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Title: SU-F-J-10: Sliding Mode Control of a SMA Actuated Active Flexible Needle for Medical Procedures

Abstract

Purpose: In medical interventional procedures such as brachytherapy, ablative therapies and biopsy precise steering and accurate placement of needles are very important for anatomical obstacle avoidance and accurate targeting. This study presents the efficacy of a sliding mode controller for Shape Memory Alloy (SMA) actuated flexible needle for medical procedures. Methods: Second order system dynamics of the SMA actuated active flexible needle was used for deriving the sliding mode control equations. Both proportional-integral-derivative (PID) and adaptive PID sliding mode control (APIDSMC) algorithms were developed and implemented. The flexible needle was attached at the end of a 6 DOF robotic system. Through LabView programming environment, the control commands were generated using the PID and APIDSMC algorithms. Experiments with artificial tissue mimicking phantom were performed to evaluate the performance of the controller. The actual needle tip position was obtained using an electromagnetic (EM) tracking sensor (Aurora, NDI, waterloo, Canada) at a sampling period of 1ms. During experiment, external disturbances were created applying force and thermal shock to investigate the robustness of the controllers. Results: The root mean square error (RMSE) values for APIDSMC and PID controllers were 0.75 mm and 0.92 mm, respectively, for sinusoidal reference input. In the presence of externalmore » disturbances, the APIDSMC controller showed much smoother and less overshooting response compared to that of the PID controller. Conclusion: Performance of the APIDSMC was superior to the PID controller. The APIDSMC was proved to be more effective controller in compensating the SMA uncertainties and external disturbances with clinically acceptable thresholds.« less

Authors:
 [1]
  1. University Hospitals Case Medical Center, Cleveland, OH (United States)
Publication Date:
OSTI Identifier:
22632146
Resource Type:
Journal Article
Resource Relation:
Journal Name: Medical Physics; Journal Volume: 43; Journal Issue: 6; Other Information: (c) 2016 American Association of Physicists in Medicine; Country of input: International Atomic Energy Agency (IAEA)
Country of Publication:
United States
Language:
English
Subject:
60 APPLIED LIFE SCIENCES; 61 RADIATION PROTECTION AND DOSIMETRY; ALGORITHMS; ALLOYS; ANIMAL TISSUES; BIOPSY; BRACHYTHERAPY; MODE CONTROL; PHANTOMS; SHAPE MEMORY EFFECT; THERMAL SHOCK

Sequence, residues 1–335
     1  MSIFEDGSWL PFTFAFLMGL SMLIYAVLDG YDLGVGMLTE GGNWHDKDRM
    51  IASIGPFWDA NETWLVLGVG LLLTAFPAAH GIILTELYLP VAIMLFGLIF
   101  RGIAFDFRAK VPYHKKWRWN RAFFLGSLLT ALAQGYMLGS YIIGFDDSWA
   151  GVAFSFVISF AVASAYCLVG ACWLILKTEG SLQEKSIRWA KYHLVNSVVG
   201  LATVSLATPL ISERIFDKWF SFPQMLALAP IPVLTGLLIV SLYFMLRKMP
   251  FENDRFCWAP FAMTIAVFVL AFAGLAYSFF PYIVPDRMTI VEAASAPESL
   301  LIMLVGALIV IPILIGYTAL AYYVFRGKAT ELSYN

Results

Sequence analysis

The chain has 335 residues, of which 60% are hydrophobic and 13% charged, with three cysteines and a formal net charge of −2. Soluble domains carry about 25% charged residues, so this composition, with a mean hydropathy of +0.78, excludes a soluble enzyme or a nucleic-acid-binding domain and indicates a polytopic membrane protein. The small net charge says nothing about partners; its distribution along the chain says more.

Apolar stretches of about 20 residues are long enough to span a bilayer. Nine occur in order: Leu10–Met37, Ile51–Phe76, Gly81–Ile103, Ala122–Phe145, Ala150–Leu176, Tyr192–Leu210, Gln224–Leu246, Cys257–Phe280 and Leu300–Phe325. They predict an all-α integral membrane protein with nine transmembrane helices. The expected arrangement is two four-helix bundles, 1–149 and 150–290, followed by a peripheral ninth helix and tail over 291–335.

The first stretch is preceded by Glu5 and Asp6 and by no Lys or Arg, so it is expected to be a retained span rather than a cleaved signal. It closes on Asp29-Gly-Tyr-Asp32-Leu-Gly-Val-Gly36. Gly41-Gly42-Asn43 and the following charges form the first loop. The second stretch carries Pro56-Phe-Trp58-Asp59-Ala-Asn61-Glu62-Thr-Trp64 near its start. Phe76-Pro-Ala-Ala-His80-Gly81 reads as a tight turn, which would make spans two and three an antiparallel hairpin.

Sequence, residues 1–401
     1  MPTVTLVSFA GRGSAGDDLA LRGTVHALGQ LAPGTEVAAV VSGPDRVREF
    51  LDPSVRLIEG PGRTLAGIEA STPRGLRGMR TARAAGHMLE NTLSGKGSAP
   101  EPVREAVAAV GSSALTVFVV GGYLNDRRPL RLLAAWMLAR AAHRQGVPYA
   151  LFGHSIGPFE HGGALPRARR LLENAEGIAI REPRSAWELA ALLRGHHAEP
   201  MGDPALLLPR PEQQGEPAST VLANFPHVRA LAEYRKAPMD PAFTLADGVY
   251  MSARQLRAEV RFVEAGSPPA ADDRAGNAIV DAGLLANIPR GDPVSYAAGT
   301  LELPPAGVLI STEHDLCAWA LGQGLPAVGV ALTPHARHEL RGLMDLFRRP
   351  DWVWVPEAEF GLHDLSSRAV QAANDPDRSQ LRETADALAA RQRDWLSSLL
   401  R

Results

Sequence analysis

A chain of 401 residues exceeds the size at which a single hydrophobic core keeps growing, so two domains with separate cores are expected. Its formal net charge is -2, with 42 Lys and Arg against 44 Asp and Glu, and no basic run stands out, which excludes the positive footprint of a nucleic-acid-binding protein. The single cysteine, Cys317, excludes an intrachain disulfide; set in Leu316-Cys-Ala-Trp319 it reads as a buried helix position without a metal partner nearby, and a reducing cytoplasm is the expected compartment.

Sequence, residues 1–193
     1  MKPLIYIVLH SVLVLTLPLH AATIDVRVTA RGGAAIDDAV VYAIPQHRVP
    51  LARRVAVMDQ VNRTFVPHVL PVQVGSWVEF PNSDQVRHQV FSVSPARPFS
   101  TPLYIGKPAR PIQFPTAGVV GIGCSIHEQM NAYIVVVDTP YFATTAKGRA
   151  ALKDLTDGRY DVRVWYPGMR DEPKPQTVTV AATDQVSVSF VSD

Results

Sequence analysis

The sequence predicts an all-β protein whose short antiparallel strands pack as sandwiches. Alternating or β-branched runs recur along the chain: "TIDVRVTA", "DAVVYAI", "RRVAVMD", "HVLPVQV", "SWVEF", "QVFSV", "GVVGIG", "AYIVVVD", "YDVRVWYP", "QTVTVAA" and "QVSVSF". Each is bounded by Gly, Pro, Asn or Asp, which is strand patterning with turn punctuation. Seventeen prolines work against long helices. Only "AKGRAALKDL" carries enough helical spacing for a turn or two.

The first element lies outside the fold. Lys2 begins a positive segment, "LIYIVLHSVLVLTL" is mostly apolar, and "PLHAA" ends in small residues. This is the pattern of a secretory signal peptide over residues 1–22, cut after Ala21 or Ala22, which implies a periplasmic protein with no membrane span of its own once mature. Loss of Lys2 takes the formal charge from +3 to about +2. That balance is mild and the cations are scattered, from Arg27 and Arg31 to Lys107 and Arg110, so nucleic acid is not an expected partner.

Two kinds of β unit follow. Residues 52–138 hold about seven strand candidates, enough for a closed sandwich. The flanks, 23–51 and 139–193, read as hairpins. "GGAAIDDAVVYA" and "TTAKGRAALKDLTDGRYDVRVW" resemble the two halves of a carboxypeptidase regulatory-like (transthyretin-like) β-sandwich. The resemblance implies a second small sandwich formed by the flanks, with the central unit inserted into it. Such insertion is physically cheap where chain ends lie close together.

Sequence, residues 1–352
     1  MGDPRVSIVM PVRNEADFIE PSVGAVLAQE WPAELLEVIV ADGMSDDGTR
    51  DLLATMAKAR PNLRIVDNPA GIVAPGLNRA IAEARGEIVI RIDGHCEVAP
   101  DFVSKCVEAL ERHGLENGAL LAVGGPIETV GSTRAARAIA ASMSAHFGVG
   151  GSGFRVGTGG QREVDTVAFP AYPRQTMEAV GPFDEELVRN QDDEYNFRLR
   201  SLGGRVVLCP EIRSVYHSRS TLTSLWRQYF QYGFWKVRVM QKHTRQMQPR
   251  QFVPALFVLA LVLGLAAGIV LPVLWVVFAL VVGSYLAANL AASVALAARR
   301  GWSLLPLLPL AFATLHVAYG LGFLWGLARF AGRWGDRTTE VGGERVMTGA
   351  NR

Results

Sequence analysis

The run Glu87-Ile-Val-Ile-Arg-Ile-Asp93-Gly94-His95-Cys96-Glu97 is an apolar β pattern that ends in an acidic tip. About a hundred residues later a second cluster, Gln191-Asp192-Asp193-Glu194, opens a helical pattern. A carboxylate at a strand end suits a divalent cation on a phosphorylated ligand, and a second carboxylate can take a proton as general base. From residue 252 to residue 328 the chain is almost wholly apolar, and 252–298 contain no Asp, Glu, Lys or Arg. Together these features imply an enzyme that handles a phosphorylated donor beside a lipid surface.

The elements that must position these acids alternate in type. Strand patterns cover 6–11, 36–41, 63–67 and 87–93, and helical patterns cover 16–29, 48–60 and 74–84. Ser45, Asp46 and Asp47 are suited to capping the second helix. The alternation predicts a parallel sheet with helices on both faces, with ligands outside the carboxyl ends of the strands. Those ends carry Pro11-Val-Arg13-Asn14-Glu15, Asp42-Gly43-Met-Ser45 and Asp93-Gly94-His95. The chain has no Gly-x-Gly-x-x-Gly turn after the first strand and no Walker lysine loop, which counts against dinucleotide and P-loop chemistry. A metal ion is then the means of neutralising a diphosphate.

Citation Formats

Podder, T. SU-F-J-10: Sliding Mode Control of a SMA Actuated Active Flexible Needle for Medical Procedures. United States: N. p., 2016. Web. doi:10.1118/1.4955918.
Podder, T. SU-F-J-10: Sliding Mode Control of a SMA Actuated Active Flexible Needle for Medical Procedures. United States. doi:10.1118/1.4955918.
Podder, T. 2016. "SU-F-J-10: Sliding Mode Control of a SMA Actuated Active Flexible Needle for Medical Procedures". United States. doi:10.1118/1.4955918.
@article{osti_22632146,
title = {SU-F-J-10: Sliding Mode Control of a SMA Actuated Active Flexible Needle for Medical Procedures},
author = {Podder, T},
abstractNote = {Purpose: In medical interventional procedures such as brachytherapy, ablative therapies and biopsy precise steering and accurate placement of needles are very important for anatomical obstacle avoidance and accurate targeting. This study presents the efficacy of a sliding mode controller for Shape Memory Alloy (SMA) actuated flexible needle for medical procedures. Methods: Second order system dynamics of the SMA actuated active flexible needle was used for deriving the sliding mode control equations. Both proportional-integral-derivative (PID) and adaptive PID sliding mode control (APIDSMC) algorithms were developed and implemented. The flexible needle was attached at the end of a 6 DOF robotic system. Through LabView programming environment, the control commands were generated using the PID and APIDSMC algorithms. Experiments with artificial tissue mimicking phantom were performed to evaluate the performance of the controller. The actual needle tip position was obtained using an electromagnetic (EM) tracking sensor (Aurora, NDI, waterloo, Canada) at a sampling period of 1ms. During experiment, external disturbances were created applying force and thermal shock to investigate the robustness of the controllers. Results: The root mean square error (RMSE) values for APIDSMC and PID controllers were 0.75 mm and 0.92 mm, respectively, for sinusoidal reference input. In the presence of external disturbances, the APIDSMC controller showed much smoother and less overshooting response compared to that of the PID controller. Conclusion: Performance of the APIDSMC was superior to the PID controller. The APIDSMC was proved to be more effective controller in compensating the SMA uncertainties and external disturbances with clinically acceptable thresholds.},
doi = {10.1118/1.4955918},
journal = {Medical Physics},
number = 6,
volume = 43,
place = {United States},
year = 2016,
month = 6
}
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